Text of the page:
fond of growing hemp and feeding its products to their clientele. How
long this had been going on no one knew. But in 1402 there came a
reformer, and he ordered that all hemp must be rooted out of the
garden. To fortify the law he ordered that any damsel "caught with
ganja would be subjected to the extraction of her teeth." This seems
drastic enough, but the old chronicle relates, without comment, that
in a few years "the custom came back with renewed vigor."
If this is to be the fate of hemp in America, and all signs suggest
that it is, the solution is obvious. It is far better to be realistic
about it, as the British were in India, where ganja palaces were taxed
and ganja growers licensed. Then we could get rid of criminal
purveyors, spend no money for enforcement, tax the business, and so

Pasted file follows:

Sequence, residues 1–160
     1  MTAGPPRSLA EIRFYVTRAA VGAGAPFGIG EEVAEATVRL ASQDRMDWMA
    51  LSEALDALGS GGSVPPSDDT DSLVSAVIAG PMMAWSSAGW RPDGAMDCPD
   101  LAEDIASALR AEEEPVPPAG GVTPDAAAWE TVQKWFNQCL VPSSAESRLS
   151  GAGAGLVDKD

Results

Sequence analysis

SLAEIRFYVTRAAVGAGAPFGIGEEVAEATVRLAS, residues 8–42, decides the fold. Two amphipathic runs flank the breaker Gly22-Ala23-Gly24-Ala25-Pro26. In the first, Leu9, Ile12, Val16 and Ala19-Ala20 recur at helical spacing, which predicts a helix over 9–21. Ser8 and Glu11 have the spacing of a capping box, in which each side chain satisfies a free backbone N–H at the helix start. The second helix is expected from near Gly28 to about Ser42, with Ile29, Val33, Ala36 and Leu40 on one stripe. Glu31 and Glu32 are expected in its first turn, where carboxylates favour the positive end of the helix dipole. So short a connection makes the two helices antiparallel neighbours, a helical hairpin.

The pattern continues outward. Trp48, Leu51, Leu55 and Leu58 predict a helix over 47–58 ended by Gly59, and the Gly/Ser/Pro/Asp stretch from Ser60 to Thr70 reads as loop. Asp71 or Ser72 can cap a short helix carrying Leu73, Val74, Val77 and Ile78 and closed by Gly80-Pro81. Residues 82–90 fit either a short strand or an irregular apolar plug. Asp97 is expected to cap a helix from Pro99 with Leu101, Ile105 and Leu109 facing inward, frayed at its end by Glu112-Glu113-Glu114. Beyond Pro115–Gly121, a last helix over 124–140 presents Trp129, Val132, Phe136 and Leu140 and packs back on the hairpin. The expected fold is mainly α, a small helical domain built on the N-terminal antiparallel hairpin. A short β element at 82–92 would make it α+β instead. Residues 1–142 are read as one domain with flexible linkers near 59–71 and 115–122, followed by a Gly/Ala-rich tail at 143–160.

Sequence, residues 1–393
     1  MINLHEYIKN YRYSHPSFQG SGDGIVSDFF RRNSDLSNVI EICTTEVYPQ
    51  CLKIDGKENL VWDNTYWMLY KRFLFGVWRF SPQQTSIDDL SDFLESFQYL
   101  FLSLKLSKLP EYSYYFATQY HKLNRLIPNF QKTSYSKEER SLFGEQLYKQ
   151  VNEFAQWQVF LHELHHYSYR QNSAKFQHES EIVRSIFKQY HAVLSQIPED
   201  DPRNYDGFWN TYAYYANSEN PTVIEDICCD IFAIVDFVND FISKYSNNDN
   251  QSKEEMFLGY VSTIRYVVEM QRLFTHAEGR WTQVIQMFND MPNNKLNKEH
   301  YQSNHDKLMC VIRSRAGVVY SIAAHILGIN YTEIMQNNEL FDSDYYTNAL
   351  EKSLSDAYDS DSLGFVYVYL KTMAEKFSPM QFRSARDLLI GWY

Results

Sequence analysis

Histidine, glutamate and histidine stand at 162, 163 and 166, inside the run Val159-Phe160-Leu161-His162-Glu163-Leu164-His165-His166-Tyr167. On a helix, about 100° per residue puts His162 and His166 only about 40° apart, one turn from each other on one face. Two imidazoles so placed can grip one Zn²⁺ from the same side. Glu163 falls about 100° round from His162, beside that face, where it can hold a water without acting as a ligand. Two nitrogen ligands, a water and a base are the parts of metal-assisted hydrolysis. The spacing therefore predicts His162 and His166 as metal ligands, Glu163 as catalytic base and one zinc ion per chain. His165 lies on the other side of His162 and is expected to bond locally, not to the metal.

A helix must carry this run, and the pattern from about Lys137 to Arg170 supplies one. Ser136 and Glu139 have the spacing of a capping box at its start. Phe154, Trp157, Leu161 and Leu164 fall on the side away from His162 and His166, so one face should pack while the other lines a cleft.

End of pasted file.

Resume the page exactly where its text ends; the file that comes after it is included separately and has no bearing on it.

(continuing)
avoid the worst excesses of Prohibition. Hemp would then, like tobacco
and alcohol, become another measure of character, not a cockpit of
Meanwhile, as the controversy rages, one likes to think of some
Mexican peon twanging a plaintive guitar up in the free doudless air
of his desert mountains. He will, likely as not, be singing of that
still more plaintive cockroach who wouldn't walk without ...
Guitar-playing boys on Mexican mountains do not offhand seem to have
much affinity with jazz leaders in any big city. But all authorities
agree that jam sessions and even more serious music are often spiked
by marihuana. Nor are other forms of creative art free of this taint
even movie stars. One of the best "box-office" men in the business has
served a jail term for the possession of marihuana-and he is still one
of the highest paid actors!
According to Mr. Anslinger, we are thoroughly reprehensible for not
shunning every movie in which he stars. In his The Traffic in
Narcotics, the former U.S. Commissioner of Narcotics wntes, "But,